Editorial Feature

Characterisation of 2D Nanomaterials on Phototonic Chips

A novel optoelectronic system has been developed that integrates 2D nanomaterials suspended in microfluids on a photonic chip.  The technology has countless applications and may revolutionise the way future computer chips are made, making them faster and more efficient.

Optoelectronics

Optoelectronic technology is a broad term that encompasses devices using light and electricity that source, generate or control light; acting as electric-light or light-electric transducers.  Photonic microchips integrate multiple photonic functions, using optical wavelengths to carry information; offering improvements in efficiency and incorporation with traditional semiconductor chips.

Microfluidics

Microfluidics involve the behaviour of tiny volumes of liquids that are contained in sub-millimetre vessels.  Typical applications of this technology are printing and DNA chips; recently, microfluid devices that can detect sweat were developed by a team at Eindhoven University.

Combining nano-assembly and photonic chips

New research at The University of Exeter combines dynamically reconfigurable nanomaterials (graphene and graphene oxide) integrated into a microfluidic system with a silicon photonic circuit.  Manipulation of the nanomaterial was possible via electric and optical means and new methods in spectroscopy were invented to aid in its characterisation.

Enhancing Raman Spectroscopy

Raman Spectroscopy measures the spectra of scattered light to provide information about molecular composition.  A major challenge in this field is the ability to characterise the dynamic 2D-3D process in-situ.  Due to the low concentrations of nano-particles and interference from the fluid phase, the use of Raman spec spectroscopy was not thought possible.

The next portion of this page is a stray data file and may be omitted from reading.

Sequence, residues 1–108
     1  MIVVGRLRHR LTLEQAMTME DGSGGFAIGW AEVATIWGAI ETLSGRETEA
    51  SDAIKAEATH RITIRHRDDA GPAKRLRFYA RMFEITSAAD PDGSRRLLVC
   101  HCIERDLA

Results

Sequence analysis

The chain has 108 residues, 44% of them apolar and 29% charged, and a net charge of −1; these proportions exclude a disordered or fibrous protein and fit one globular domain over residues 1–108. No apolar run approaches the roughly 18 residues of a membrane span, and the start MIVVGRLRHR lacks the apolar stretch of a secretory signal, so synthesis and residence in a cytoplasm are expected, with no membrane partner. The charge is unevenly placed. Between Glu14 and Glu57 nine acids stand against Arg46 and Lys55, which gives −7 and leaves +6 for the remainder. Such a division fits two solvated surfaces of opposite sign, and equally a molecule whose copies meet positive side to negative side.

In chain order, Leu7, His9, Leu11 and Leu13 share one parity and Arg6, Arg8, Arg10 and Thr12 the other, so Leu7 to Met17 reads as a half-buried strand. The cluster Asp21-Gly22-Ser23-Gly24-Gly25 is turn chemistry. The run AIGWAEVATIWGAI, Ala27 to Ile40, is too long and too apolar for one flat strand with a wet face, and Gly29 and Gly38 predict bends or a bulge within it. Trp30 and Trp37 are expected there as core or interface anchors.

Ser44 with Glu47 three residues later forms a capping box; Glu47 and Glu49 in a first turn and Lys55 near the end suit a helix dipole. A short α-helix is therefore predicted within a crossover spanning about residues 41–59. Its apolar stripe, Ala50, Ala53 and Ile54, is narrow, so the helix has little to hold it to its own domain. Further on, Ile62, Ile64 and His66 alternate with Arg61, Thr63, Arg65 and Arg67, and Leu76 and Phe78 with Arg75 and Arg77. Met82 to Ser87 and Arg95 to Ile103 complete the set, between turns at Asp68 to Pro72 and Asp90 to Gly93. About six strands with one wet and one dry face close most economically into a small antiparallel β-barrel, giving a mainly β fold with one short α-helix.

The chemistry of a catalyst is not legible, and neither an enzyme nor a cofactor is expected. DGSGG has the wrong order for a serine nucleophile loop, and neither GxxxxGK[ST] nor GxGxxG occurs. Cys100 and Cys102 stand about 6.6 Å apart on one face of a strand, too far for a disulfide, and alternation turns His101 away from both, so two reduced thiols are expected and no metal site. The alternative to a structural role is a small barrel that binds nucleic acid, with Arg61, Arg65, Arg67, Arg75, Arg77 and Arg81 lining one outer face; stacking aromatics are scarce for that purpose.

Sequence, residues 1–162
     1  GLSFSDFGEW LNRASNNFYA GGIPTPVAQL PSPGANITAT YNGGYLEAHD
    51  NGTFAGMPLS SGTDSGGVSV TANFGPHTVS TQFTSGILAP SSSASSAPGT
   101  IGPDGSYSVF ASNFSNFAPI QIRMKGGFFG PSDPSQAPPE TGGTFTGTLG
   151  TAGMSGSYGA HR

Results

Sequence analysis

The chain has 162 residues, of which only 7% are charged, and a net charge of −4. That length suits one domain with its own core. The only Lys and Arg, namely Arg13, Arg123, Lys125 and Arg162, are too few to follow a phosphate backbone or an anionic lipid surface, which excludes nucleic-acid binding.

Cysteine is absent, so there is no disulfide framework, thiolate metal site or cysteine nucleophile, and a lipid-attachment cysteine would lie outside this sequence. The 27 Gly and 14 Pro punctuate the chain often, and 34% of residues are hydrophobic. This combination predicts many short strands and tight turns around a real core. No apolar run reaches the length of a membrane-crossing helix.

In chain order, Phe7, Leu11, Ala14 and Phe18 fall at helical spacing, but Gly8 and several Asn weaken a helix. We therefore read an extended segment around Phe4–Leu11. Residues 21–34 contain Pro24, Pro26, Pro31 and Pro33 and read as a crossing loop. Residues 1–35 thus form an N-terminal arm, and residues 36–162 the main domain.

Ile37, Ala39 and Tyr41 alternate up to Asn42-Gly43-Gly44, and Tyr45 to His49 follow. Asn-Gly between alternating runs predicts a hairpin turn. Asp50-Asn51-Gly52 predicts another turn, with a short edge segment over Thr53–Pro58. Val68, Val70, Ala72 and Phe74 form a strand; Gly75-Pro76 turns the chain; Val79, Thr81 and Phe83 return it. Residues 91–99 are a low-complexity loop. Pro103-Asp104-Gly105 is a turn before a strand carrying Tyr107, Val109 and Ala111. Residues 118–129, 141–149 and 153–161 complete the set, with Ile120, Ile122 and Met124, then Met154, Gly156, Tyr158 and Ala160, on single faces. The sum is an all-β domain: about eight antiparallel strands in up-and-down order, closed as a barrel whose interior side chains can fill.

Here, graphene associated Raman signals were enhanced to allow characterisation of the nanoparticles on chip using RenishawTM 1000 and Horiba RamanTM systems.  Additionally, nanoparticles were simultaneously spatially manipulated by laser and analysed by Raman spectroscopy.

The photonic circuit coupled to a microfluidic layer integrating dynamically reconfigurable 2D material metastructures.

Future Applications

This research exposes numerous opportunities for the development of low-power, compact systems in multi-functional light-management devices such as light emitting sources, tuneable optical filters and nanoantenna phased arrays; as well its potential use in microchips.

A key breakthrough is the ability to monitor and manipulate nanoparticle flakes in-situ by spectroscopy, a technique that has future applications in particle alignment and distribution control.  These novel techniques have laid the foundation for other groups to manufacture similar chips, perhaps with different combinations of components, to create exciting advancements in optoelectronics.

References

  1. Behabtu, N. et al. Spontaneous high-concentration dispersions and liquid crystals of graphene. Nat. Nanotechnol. 5, 406–411 (2010).
  2. Hogan, B. T. et al. Dynamic in-situ sensing of fluid-dispersed 2D materials integrated on microfluidic Si chip. Sci. Rep. 7, 42120 (2017).
  3. Nie, C., Frijns, A., Zevenbergen, M. & Toonder, J. Den. An integrated flex-microfluidic-Si chip device towards sweat sensing applications. Sensors Actuators, B Chem. 227, 427–437 (2016).

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